You don’t know Max Brady and her film company Pull The Trigger Ltd, but you certainly do know her work.
rady is an executive producer who has worked on some of Ireland’s most popular television advertising campaigns. Through the summer she’s been producing The Problem With People a film with Colm Meaney and Paul Reiser (Stranger Things) and directed by Chris Cotton.
As for her ads, picture the scene: A smartly dressed young lad on the sofa is talking to camera about his big National Lottery win, how it hadn’t changed him and his values. Then he’s suddenly covered with a huge splash of water amidst a shout of “Yeehaa!”.
The camera pans back to reveal a water slide running through his living room. His neighbours say ‘hello’ as they slide past. The camera cuts to a view of the outside of his four-storey apartment block which is completely entwined in multi-coloured water slide tubes from top to bottom with people of all ages sliding down it.
“That’s definitely my favourite,” says Max who produced ‘Share the Love’ for the National Lottery in summer 2020. And she reveals a few secrets that might surprise you. First off, it wasn’t CGI.
“Yes, the slides were real. We persuaded the residents of the Mespil Flats to let us build water slides wrapping down from the roof of the building. The water slides were fully functional and we had real people sliding down them. We had to get a water supply up to the roof and then dispose of it properly afterwards.
“We had to buy the slides from a specialist supplier and fit them to the building. And someone bought them for a pittance after we had finished. But it was worth it.”
Another of Brady’s is ‘Chipus Currius’ which starts in the dark with candlelight and a huddle of satanic cult-like figures with their ‘high priest’. All are dressed in scarlet hooded robes and chanting. “Chipus Currius! Chipus Currius!” A chalice is brought forth full of McDonnells curry sauce and the priest pours it over a plate of chips as the congregation wails in pleasure.
As the chanting/wailing reaches a fever pitch the lights are switched on by a cleaner/curator lady who looks confused. We realise they’re in a bog standard community hall. The ‘high priest’ berates her: “Ah for… Margaret! We have the hall booked till 11!” In fact the ad was filmed in Bulgaria.
Much of Pull The Trigger’s work was done from their office business base at 7 Richmond Row at Portobello, a 19th-century terrace which Max and her business partner and husband Mike acquired in 2005.
“We’ve always been living in Stillorgan and we needed an office for the business.” says Brady who was once a well-known student activist and president of the Union of Students of Ireland from 1991 to 1993. “The late Liam Russell of Youngs Estate Agents phoned us and said, “I have something that might suit.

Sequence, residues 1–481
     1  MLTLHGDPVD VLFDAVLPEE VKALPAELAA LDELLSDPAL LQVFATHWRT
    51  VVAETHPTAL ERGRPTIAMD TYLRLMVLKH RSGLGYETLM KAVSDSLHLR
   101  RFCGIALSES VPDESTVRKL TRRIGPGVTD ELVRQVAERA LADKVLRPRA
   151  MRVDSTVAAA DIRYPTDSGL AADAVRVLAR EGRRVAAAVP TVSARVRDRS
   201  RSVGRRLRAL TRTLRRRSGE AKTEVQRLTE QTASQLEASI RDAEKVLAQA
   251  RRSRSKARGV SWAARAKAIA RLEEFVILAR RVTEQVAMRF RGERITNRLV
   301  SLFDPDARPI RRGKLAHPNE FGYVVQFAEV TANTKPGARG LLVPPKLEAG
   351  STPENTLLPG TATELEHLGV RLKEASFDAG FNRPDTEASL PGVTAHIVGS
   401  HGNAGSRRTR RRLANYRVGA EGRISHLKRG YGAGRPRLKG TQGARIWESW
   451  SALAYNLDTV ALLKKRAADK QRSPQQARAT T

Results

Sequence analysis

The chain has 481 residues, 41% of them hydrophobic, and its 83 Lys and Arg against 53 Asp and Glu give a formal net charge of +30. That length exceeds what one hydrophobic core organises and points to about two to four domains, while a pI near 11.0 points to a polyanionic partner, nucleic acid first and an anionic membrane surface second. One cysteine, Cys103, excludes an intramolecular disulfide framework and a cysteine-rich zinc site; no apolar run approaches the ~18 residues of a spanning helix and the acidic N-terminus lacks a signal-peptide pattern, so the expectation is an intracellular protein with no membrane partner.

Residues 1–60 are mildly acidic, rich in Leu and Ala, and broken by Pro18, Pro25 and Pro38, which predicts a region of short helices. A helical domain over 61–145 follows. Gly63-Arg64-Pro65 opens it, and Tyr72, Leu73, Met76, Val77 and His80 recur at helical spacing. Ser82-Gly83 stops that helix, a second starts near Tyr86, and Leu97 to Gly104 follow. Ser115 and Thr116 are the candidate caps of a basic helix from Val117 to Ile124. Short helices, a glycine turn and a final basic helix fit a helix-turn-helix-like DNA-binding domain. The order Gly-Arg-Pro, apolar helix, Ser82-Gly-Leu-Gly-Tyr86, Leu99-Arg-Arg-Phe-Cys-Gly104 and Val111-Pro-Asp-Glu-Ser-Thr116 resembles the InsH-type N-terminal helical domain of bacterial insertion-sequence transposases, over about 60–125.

“It had apparently been used previously for decades by a printing business. It had no roof, the water was spilling in, the floor which was wet and had held big printing presses was ready to collapse. There were dead rats everywhere.”
But Max and Mike decided to give it a go. They invested in a new roof, dry lining, floor repairs, replastering, rewiring, replumbing, the installation of a new kitchen in a cinder block build extension which they dry lined and refurbished. They put in a new bathroom. And they ended up with a two-floor office building of 732 sq ft which not only offered them a central and trendy location but also a handy little roof patio on which to eat their lunch in summer.
“At any time there could be between four and 14 people in there depending on what project we were working on. In our business we work with a lot of freelances when things get busy and with sometimes long hours, we also needed somewhere we could stay until 11 at night. I’d take a break and walk out to the canal to feed the swans and get my head together. I’d bring them healthy brown bread and cabbage but they were so spoiled they’d only eat white bread from the Pretzel Bakery nearby.”
And when Covid-19 and lockdown came everyone worked remotely.
“When Covid eased and it was time to go back to the office we realised we didn’t actually need to. So we decided to continue remotely. The next question was what to do with the office? There’s a housing crisis on so the most obvious option was to turn it back into a house and sell it.”
Most of the buildings that house businesses on Richmond Row were formerly residential houses. A look at the 1901 and 1911 Census records shows in 1901 No7 was home to the Behan family of four headed by a carpenter. In 1911 there were also four people living here including a lacemaker who likely worked at home. No7 is therefore an example of another trend brought by Covid-19, the reconversion of buildings back to houses. And with the refurbishment work already done it was easy to for Max and Mike to return it to residential purposes.
They already had a bathroom and a kitchen and the rooms were suitable for two bedrooms and the bigger room downstairs would make the perfect living room. As it happened Max and Mike were also in the ideal business to furnish it.
“For ad shoots we’ll take a house loaned to us, clear all the furniture out and refurnish it for filming. So I got help from our assistant producer and set specialist Aoife O’Neill to stage it.”
No7 Richmond Row in Portobello, Dublin 8 is for sale through DNG. Dublin city centre is within a 10-minute walk and local schools include Griffith Barracks Educate Together, Ranelagh Multi-Denominational School, St Louis and St Mary’s Rathmines and Loreto on the Green.
It’s near plenty of restaurants too if you find yourself wailing for chipus currius.
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